4 Tips to Keep Your AC From Overheating in the Stockton Summer

blog-icon-hvacLast summer we replaced an air conditioner in July that had given up the ghost. It was only five years old, but the owner had never had it serviced and only infrequently replaced the air filters himself. Then, during the hottest week of the summer so far, the system overheated like a car engine and died, never to run again. These horror stories remind us of the importance of routine maintenance — the homeowner said something to us about “not wanting to waste money of those tune-ups.” But if he’d spent $100 a year on tune-ups, he’d have invested $500  into his AC and it would have been running for another 5 years, at least. Instead, he had to spend almost 10 times that much on a new system.

Today, we’re talking about what we do on a routine tune-up to stop your system from doing what his did. Hopefully you’ll read this and realize that we’re not trying to fleece anybody—we’re trying to save people money on needless replacements. Most of this stuff is not something you’ll be able to do yourself—except for the last one—but it’s useful to know what our guys will do to prevent your AC from overheating when they do a routine tune-up or other maintenance. And it gives you some important things to make sure any HVAC pro is going to do when they get your air conditioner ready for summer’s sweltering heat.

#1: Clean the Condenser

The condenser — also known as the outdoor unit, or (according to one client) “that big fan-box thing in my backyard” — is an important part of your AC system’s daily function, and it’s also the focus of attention for part of each tune-up. Condensers get dirty from their regular function, and they also get dirty from just being outside all the time. Our guys will clean the fins and coils of the condenser, and straighten any bent fins that we can to ensure it’s all working optimally.

A lot of times a nasty sludge will develop in the bottom of the condenser; this sludge can turn acidic and when that happens it will eat away at the internal components and require replacement sooner rather than later. We always try to get this sludge out as soon as we see it. We also recommend covering your condenser with a permanent, “install-it-and-forget-it” cover that stays in place year round and is easy to remove if necessary. Condensers that have been covered appropriately (a piece of ½ inch plywood thrown on top of the unit is not an appropriate cover) have longer lives and function better than their uncovered counterparts.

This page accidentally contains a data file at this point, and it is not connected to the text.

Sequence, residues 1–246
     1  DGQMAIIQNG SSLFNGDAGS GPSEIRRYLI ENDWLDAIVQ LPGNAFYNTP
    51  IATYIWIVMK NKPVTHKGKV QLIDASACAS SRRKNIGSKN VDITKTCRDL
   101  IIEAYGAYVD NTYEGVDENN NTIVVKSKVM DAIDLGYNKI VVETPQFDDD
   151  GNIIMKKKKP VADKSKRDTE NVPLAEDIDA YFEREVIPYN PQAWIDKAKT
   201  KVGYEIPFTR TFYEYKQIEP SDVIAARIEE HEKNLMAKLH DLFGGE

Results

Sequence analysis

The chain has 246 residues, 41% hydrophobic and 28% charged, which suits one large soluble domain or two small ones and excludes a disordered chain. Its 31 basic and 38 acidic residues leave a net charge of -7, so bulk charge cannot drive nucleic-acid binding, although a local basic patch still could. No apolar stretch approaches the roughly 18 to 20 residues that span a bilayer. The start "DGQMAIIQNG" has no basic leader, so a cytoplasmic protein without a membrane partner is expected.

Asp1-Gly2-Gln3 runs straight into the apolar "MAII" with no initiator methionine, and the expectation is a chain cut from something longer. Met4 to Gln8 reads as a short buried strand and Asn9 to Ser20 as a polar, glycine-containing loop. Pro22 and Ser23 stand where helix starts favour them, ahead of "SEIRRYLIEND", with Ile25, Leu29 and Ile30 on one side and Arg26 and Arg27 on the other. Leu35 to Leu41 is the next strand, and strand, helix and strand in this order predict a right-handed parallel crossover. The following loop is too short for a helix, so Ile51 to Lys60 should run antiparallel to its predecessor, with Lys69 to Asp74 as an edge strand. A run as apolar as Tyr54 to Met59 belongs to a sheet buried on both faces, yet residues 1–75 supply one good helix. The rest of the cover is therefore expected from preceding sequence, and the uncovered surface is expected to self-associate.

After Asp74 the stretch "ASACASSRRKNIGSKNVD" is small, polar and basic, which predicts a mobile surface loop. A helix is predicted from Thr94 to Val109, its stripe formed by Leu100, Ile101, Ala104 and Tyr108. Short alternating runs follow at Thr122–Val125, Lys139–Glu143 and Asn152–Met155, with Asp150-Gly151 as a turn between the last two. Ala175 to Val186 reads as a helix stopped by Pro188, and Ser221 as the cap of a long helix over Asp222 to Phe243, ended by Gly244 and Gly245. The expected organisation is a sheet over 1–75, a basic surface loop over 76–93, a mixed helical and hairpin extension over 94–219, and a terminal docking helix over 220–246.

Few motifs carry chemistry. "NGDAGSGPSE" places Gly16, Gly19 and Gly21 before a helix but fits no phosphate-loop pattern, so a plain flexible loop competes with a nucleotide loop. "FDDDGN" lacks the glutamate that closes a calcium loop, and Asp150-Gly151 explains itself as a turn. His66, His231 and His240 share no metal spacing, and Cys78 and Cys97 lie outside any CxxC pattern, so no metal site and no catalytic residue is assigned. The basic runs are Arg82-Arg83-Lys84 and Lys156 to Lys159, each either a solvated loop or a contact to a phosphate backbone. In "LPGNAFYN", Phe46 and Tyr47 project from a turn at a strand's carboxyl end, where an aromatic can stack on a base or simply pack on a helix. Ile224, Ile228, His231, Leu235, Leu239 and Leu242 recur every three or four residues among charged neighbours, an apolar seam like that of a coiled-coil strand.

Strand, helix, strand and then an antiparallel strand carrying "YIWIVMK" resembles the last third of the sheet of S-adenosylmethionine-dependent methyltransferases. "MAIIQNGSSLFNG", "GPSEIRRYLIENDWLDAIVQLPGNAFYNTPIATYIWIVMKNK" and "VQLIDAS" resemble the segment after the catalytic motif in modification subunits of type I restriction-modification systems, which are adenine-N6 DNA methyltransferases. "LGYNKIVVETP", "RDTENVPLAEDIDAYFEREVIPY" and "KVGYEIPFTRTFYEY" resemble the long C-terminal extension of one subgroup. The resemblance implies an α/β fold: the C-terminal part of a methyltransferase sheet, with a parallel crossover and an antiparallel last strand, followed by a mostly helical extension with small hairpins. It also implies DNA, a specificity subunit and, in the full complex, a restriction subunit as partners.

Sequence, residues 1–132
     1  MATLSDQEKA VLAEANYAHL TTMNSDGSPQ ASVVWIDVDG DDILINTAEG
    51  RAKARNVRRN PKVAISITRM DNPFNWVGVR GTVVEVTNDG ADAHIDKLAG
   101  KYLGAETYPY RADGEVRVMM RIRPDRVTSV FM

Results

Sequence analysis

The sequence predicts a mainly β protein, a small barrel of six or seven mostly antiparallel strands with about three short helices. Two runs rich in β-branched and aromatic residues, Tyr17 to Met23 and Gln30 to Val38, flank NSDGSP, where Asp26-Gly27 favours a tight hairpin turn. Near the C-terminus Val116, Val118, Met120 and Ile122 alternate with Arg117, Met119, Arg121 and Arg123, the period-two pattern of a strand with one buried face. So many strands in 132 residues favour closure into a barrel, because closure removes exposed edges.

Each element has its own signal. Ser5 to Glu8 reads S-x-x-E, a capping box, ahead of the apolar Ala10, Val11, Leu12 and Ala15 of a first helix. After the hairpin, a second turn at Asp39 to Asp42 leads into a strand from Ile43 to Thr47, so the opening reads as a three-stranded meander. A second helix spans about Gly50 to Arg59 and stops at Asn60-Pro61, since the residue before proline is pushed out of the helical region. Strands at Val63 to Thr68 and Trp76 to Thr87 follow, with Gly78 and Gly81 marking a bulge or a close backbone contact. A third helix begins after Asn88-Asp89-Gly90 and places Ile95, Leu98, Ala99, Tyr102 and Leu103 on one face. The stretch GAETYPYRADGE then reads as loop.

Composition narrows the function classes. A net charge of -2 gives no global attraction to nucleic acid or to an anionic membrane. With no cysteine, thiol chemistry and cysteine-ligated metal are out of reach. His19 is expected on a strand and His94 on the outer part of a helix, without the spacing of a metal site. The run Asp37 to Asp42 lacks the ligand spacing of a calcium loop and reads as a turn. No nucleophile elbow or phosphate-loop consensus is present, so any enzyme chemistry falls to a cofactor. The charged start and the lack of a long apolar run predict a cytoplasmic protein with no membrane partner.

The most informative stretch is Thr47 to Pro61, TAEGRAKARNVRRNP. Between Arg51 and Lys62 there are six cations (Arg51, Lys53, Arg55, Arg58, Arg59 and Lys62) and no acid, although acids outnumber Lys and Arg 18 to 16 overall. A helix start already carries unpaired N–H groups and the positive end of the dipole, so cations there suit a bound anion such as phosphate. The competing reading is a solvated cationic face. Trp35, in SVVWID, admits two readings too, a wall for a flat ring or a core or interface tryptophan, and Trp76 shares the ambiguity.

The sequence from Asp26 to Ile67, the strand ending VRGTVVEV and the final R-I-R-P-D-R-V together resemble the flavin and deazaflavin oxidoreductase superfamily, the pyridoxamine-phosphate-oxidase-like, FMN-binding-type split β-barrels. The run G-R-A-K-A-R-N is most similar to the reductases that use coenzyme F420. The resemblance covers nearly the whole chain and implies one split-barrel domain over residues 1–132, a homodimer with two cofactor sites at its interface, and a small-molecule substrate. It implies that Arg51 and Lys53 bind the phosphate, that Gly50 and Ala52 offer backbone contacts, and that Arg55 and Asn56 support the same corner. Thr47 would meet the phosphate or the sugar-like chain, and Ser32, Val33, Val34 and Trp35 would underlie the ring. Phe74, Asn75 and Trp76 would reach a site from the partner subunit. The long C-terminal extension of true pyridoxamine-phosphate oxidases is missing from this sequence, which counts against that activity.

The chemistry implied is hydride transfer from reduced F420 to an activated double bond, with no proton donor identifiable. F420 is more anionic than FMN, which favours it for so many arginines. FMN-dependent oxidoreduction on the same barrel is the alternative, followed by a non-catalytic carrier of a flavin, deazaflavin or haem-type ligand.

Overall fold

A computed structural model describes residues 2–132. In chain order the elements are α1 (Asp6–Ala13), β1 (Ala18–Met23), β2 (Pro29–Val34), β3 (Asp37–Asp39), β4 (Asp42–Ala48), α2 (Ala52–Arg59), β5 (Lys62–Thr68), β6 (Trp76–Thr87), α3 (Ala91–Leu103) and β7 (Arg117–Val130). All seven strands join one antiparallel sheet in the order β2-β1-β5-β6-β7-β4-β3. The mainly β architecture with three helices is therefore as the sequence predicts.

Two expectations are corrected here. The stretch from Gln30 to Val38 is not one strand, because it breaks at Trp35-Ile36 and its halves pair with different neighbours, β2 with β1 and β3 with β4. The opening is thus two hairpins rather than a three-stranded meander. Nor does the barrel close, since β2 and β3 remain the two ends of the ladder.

#2: “Recharge” the Refrigerant

Definitely not something you want to do yourself, (although there is one story we still pass around trade conferences about exactly that) recharging the refrigerant isn’t actually a part of a regular tune-up and anybody that’s trying to sell you on it isn’t someone you want working on your system. Refrigerant shouldn’t leak or leave your system, and it also doesn’t get dirty in the same way other fluids do. The risks of overcharging are great, and you shouldn’t be “topping off” refrigerant like coolant in your car.

Here’s what could happen in a tune-up, though: Your HVAC tech notices the refrigerant level is low. This is bad — it means toxic refrigerant is leaking somewhere, and also that your system is at risk of overheating. So they find where the leak is, they fix the system, and they replace the refrigerant afterward. So yes, refrigerant is part of a tune-up, but not in the way many would like you to believe.

#3: Replace Filters Regularly

“Here they go again,” you say, “when will they stop talking about air filters?!” The answer, of course, is never. We talk about filters at least once a month because you need to replace yours at least once every 3-6 months, and dirty filters cause more HVAC woe than anything else out there. Filters are cheap, easy to replace, and should be part of every tune-up and regular maintenance. Remember, during times of peak HVAC usage you need to replace your filters more often. If you’re already using your air conditioner every day, replace your filters now, once in July, and again in early September. An easy way to remember it: Replace your filters on Memorial day; the Fourth of July, and Labor day.

#4: Adjust Usage to Limit Risk

You wouldn’t want to run all day long in the summer, and your AC doesn’t either. One great way to limit the chance of your AC overheating is to not use it 24/7 or find other ways to affect the home environment so it doesn’t have to go all the time.

A great tip is to leave it off when you’re not home; it will take a bit to cool down at night, but it’s worth it. You’ll save strain on your system and on your energy bill! You can also upgrade to a programmable thermostat, which can be adjusted using your smartphone or scheduled to only turn on the AC half an hour before you get home.

Insulating your home and upgrading in general will also put less of a strain on your AC system, and that’s important if you have a house that could do with some duct sealing or other easy upgrades. All of these upgrades, from thermostats to insulation, can be rebateable in many cases. Your friendly local HVAC contractor is the go-to resource for all of this stuff. From a tune-up to refrigerant leak repair; from buying a condenser cover to helping you secure financing and rebates, they’ll be in your corner with all your HVAC needs.